Nothing stirs the DIY spirit like a good IKEA hack! This might sound crazy to some people but I crave DIY projects and how it get's my creative juices flowing.
We recently turned my husbands old bachelor pad into our newlywed home together - it's amazing what a girl's touch can do to a guy's apartment! San Francisco apartments are full of old school charm, which is nice but also leaves for awkward layouts. We needed more cutting space in the kitchen so I found this kitchen cart from Ikea for $59.99. (Bonus: I did a search on Craigslist and found the same kitchen cart for only $20.)
The kitchen cart was an unfinished basic blonde color and I turned it into something rustic and distressed. It's amazing to see what some paint, wood stainer and some arm grease can do.
One Sunday morning, I woke up super early and started this project - with coffee in hand. Below are the materials I used:
Pictured is the IKEA cart unfinished in the basic blonde color. The cart was already put together so I started by painting the rails and legs white. With coffee in hand, I did one coat...let it dry...then did another coat...let it dry. This is what the cart looked like after I was done with all the white coats.
I wanted a shabby chic look so naturally we took a hammer and some nails to it, after afterall we had to make the kitchen cart look the part I lost all hammering responsibilities after my nails went in sideways so I gave this job to my husband. He hammered away for about 10 minutes (I'm sure our neighbors loved us!) and seemed to enjoy it - there's something about banging a piece of wood as hard as you can to get out any frustration!
This is what the cart looked like after our hammer time! You can see we put a good amount of nails in the top and also the sides, which you can't see. We banged up the corners a bit to give it an added distressed look. This hammer step is a total preference, you can choose to not distress the piece at all or go crazy on it - your call!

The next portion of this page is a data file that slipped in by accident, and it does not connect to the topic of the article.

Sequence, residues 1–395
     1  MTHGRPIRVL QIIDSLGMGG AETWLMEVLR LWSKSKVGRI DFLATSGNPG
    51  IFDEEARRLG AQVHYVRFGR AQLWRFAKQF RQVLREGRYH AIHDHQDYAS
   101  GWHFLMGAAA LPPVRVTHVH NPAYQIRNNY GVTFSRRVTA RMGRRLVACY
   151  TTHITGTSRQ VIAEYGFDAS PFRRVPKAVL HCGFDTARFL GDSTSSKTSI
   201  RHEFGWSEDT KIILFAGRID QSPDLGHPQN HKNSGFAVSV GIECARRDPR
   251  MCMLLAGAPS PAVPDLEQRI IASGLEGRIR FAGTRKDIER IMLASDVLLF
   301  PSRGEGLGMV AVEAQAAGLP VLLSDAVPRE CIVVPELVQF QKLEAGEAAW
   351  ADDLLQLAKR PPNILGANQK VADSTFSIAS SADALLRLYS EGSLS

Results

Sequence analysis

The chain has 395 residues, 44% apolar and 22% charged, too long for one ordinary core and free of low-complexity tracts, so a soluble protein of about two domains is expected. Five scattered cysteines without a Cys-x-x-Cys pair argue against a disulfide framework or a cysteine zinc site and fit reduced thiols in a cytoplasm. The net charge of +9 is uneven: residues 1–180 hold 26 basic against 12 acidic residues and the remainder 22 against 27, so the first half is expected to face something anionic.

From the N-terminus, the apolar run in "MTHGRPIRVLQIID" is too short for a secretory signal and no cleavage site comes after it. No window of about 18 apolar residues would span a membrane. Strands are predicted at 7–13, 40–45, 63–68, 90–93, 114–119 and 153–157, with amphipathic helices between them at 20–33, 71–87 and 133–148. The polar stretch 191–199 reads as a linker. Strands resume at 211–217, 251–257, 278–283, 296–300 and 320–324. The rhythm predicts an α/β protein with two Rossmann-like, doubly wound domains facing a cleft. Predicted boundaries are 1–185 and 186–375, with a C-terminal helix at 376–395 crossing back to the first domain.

Now the staining process begins! Again, this is a preference on which stain color you prefer. I like a darker wood stain so went with that (see above). You will want a clean brush for this step and an old t-shirt or towel that you don't mind throwing away. I outlined the edges with some blue painters tape so I didn't get any stain on my freshly painted white legs. I added the espresso stain to the brush and started stroking away. I only needed one coat of stain because the color I chose was already dark but used my old cloth to wipe off any access. The wood stain worked it's way in all the crevices from the hammering while also camouflaging the hammered nails. PS: If you're unsure about the color you can test a small spot on the wood.
I'm so happy with the finished product, I love how this unfinished kitchen cart turned into something a bit more roughed up and fabulous! This cart is a perfect size in our kitchen and adds that added character.
What are some of your favorite DIYs?
PS - If you're wondering, the stain on top will prevent it from being food safe. You can use a sealing oil (pictured above) but that still makes me nervous to cut on so I always use a cutting board.